Date of Award
Master of Science
Shirin Movaghgharnezhad for the master of science degree in mechanical engineering, presented on November 6, 2017, at Southern Illinois University Carbondale. TITLE: Electrodeposition of CuGaS2 from Aqueous and Non-Aqueous Electrolyte Mixtures MAJOR PROFESSOR: Dr. Ian I. Suni Electrodeposition of CuGaS2 from aqueous and non-aqueous electrolyte mixtures is reported in this work. Acetonitrile complexation is used to shift the reduction potential of Cu (II) in the cathodic direction. With the presence of 50% acetonitrile, the difference between the peak reduction currents of Cu (II) and Ga (III) during cyclic voltammetry is only 140 mV, whereas the standard reduction potentials of the individual components in aqueous electrolytes differ by 870 mV. When all components are present in the electrolyte, a new reduction peak obtained in cyclic voltammograms at −260 mV and pH 2.7 that is anodically shifted relative to the cathodic peaks when only one component is present. According to the composition, and morphology analysis at deposition potential -260 mV vs. Ag/AgCl for 15 minutes from aqueous and non-aqueous solutions of 10 mM Ga(NO3)3, 0.5 CuSO4, 1 mM Na2S, 100 mM LiClO4 and a 50-50 mixture of water and acetonitrile at pH 2.7 was found to be the optimum condition to obtain stoichiometric CuGaS2 thin films. In addition, oxygen incorporation in the electrodeposit is observed, because electrodeposition of stoichiometric CuGaS2 appears to be immediately followed by Ga oxidation. The sample were annealed at temperature 300°C in Ar atmosphere for 2 hours to improve crystallinity and reduce the extent of oxidation. Thin film analysis by EDX, top-view SEM, and also cross-sectional SEM were also performed to determine the elemental ratio of Cu:Ga:S, thin film morphology, and thin film thickness, respectively. This material has potential application in solar cells. The EDX analysis of copper gallium sulfide thin films at different potentials and different gallium solution phase concentration were also performed.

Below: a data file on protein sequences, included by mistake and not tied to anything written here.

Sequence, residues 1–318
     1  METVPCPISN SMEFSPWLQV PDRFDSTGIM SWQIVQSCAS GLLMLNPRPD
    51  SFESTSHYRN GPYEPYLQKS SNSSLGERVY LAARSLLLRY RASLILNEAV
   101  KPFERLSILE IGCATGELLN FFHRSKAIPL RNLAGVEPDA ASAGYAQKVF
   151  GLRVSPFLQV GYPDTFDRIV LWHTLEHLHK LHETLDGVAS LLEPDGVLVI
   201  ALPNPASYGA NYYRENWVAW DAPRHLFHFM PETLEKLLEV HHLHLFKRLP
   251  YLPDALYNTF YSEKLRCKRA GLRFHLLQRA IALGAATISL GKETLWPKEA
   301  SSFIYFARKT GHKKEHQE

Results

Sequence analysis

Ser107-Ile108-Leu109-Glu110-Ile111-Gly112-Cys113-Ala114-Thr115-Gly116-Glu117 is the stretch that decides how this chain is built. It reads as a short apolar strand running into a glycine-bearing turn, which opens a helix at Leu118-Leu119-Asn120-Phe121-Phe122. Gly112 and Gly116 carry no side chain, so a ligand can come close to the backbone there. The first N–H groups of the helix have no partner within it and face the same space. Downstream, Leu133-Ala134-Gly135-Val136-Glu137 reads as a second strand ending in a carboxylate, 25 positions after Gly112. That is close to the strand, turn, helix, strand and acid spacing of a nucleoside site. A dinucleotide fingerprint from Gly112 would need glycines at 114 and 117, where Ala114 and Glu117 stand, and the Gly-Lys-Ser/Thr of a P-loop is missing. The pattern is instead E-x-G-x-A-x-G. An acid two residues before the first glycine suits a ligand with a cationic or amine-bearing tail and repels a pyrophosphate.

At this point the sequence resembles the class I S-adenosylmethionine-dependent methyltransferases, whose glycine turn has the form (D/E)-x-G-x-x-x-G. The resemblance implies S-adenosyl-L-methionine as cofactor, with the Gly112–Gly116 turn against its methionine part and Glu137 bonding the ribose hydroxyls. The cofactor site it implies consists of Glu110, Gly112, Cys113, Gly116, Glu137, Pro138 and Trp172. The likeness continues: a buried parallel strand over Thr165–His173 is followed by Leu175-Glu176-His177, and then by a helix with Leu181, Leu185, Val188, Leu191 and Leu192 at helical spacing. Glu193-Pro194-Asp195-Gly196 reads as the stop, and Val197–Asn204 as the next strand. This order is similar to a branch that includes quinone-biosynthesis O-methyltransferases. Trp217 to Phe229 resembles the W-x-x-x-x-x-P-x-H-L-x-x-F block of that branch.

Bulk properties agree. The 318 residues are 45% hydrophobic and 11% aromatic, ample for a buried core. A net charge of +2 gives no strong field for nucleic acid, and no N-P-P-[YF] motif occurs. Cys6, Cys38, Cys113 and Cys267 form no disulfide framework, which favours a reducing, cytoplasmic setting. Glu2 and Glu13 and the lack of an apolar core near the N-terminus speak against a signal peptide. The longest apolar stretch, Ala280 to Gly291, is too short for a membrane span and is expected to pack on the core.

This thesis is only available for download to the SIUC community. Current SIUC affiliates may also access this paper off campus by searching Dissertations & Theses @ Southern Illinois University Carbondale from ProQuest. Others should contact the interlibrary loan department of your local library or contact ProQuest's Dissertation Express service.